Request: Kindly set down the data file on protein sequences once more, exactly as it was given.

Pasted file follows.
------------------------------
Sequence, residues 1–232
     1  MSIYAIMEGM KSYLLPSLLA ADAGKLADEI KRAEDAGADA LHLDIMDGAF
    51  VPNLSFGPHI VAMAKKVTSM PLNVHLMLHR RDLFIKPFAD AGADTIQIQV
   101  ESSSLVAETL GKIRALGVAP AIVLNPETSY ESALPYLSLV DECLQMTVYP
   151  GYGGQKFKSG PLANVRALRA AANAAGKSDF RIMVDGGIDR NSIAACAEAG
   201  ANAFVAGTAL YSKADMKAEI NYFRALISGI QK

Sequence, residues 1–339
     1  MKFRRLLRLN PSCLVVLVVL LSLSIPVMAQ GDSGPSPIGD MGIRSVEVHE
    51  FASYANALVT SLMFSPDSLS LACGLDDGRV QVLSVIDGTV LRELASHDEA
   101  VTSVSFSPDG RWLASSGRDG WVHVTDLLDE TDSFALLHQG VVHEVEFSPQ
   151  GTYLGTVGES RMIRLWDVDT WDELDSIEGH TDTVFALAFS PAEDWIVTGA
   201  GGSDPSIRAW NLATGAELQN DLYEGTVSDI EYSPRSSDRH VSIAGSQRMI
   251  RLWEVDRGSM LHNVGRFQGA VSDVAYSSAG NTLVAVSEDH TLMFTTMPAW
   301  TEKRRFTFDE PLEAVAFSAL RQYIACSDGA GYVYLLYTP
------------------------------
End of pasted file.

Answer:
Sequence, residues 1–232
     1  MSIYAIMEGM KSYLLPSLLA ADAGKLADEI KRAEDAGADA LHLDIMDGAF
    51  VPNLSFGPHI VAMAKKVTSM PLNVHLMLHR RDLFIKPFAD AGADTIQIQV
   101  ESSSLVAETL GKIRALGVAP AIVLNPETSY ESALPYLSLV DECLQMTVYP
   151  GYGGQKFKSG PLANVRALRA AANAAGKSDF RIMVDGGIDR NSIAACAEAG
   201  ANAFVAGTAL YSKADMKAEI NYFRALISGI QK

Sequence, residues 1–339
     1  MKFRRLLRLN PSCLVVLVVL LSLSIPVMAQ GDSGPSPIGD MGIRSVEVHE
    51  FASYANALVT SLMFSPDSLS LACGLDDGRV QVLSVIDGTV LRELASHDEA
   101  VTSVSFSPDG RWLASSGRDG WVHVTDLLDE TDSFALLHQG VVHEVEFSPQ
   151  GTYLGTVGES RMIRLWDVDT WDELDSIEGH TDTVFALAFS PAEDWIVTGA
   201  GGSDPSIRAW NLATGAELQN DLYEGTVSDI EYSPRSSDRH VSIAGSQRMI
   251  RLWEVDRGSM LHNVGRFQGA VSDVAYSSAG NTLVAVSEDH TLMFTTMPAW
   301  TEKRRFTFDE PLEAVAFSAL RQYIACSDGA GYVYLLYTP